So what does a security-CSO do? In a realistically supportive context they can focus on doing their jobs. When they are expected to provide absolute security or some unrealistically close approximation to that, they can find themselves spending too much of their time seeking to manage expectations.

And with that, a legitimate and necessary part of the security-CSO job has to be in educating employees, from non-managerial hands-on workers through to C-level executives on what is possible, and on what of that should be carried out by security and related personnel, and what of that must be carried out by employees in general as part of their ongoing workplace practices.

Who should a security-CSO report to directly? That depends on the organization, but it is important that they have one supervisor who both takes the lead in performance reviewing them and who actively supports their being able to perform their job.

These executives work with essentially everyone in the organization, at least indirectly, insofar as they reach out to and continually update and educate everyone, and both to limit problematical behaviors and practices and to help identify emerging problems as quickly as possible – and wherever they arise.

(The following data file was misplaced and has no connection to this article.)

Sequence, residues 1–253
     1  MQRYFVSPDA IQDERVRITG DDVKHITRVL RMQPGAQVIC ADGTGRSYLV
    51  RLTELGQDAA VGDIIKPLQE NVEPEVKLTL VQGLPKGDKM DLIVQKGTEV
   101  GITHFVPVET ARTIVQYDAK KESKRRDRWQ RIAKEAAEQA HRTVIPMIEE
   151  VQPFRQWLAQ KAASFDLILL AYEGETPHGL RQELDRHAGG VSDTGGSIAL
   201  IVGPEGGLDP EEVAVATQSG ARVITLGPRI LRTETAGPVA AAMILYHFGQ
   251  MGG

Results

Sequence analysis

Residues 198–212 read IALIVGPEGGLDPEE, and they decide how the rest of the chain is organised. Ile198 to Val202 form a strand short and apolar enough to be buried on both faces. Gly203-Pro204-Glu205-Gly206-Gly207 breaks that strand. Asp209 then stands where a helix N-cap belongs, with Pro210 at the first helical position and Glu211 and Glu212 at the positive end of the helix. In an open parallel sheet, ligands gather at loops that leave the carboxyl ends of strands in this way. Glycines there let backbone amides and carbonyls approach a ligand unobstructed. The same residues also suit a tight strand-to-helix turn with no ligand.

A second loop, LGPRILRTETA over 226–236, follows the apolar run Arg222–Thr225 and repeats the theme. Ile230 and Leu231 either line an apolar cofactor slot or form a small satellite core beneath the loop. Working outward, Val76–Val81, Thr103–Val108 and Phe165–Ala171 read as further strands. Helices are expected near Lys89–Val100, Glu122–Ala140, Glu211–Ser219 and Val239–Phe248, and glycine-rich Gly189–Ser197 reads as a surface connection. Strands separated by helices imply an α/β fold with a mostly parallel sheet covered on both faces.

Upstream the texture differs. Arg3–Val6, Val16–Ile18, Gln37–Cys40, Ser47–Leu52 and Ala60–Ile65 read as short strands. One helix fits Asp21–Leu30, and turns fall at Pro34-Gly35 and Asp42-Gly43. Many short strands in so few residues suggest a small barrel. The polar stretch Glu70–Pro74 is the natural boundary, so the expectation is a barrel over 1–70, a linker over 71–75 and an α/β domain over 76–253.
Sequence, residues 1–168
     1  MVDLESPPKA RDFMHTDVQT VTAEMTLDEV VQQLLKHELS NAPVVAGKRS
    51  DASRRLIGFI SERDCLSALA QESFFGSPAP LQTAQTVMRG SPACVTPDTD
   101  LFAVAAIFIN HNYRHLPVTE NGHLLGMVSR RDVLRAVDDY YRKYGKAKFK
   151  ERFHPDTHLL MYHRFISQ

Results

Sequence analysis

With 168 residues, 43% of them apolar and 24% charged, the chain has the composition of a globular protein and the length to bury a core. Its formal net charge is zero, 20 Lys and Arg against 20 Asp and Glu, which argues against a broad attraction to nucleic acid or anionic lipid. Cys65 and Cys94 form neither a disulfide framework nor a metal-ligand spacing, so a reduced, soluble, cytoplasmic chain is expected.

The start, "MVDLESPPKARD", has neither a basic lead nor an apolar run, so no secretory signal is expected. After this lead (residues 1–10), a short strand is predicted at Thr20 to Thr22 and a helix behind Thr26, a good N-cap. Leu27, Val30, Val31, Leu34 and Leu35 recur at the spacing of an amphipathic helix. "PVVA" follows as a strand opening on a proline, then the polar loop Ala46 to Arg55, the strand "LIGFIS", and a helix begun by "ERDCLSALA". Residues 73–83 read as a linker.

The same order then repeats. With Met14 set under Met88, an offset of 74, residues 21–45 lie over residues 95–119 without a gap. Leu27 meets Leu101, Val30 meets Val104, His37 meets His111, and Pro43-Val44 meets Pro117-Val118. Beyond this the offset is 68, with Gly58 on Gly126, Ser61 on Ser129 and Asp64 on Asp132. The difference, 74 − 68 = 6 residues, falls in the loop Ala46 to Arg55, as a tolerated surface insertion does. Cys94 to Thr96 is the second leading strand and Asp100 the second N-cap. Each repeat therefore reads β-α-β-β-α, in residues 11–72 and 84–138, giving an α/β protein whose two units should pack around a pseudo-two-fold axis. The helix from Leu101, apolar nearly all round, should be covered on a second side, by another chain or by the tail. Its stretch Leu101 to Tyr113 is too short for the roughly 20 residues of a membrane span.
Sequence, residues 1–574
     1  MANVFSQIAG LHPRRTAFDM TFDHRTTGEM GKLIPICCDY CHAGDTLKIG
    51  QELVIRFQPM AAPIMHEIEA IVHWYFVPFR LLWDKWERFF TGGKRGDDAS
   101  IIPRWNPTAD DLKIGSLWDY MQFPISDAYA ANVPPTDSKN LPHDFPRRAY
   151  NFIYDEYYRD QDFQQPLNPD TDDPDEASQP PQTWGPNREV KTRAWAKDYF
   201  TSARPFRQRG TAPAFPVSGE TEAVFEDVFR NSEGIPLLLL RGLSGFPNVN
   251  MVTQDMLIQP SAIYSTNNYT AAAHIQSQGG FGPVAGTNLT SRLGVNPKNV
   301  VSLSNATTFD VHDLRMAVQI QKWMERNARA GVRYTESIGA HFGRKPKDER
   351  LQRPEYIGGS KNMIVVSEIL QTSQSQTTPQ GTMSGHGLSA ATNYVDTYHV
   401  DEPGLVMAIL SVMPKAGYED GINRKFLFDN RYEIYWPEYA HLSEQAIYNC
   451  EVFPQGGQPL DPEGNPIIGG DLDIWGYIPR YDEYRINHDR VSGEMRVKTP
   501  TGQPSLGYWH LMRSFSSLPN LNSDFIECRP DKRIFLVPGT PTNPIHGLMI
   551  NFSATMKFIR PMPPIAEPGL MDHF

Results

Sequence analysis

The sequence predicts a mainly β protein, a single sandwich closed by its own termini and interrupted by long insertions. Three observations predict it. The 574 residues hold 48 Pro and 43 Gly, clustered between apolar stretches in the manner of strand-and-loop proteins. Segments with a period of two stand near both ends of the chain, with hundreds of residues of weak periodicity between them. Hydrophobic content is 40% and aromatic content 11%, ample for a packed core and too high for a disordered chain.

How should they be performance reviewed? Realistically and according to an understanding that while better systems and resource security might always be possible, perfect is an illusion and the enemy of good and effective.

I am going to turn in my next series installment to consider the roles and responsibilities of the Chief of Marketing and Communications and that executive position’s variations. Meanwhile, you can find this and related postings at my Guide to Effective Job Search and Career Development – 3 and at the first directory page and second, continuation page to this Guide.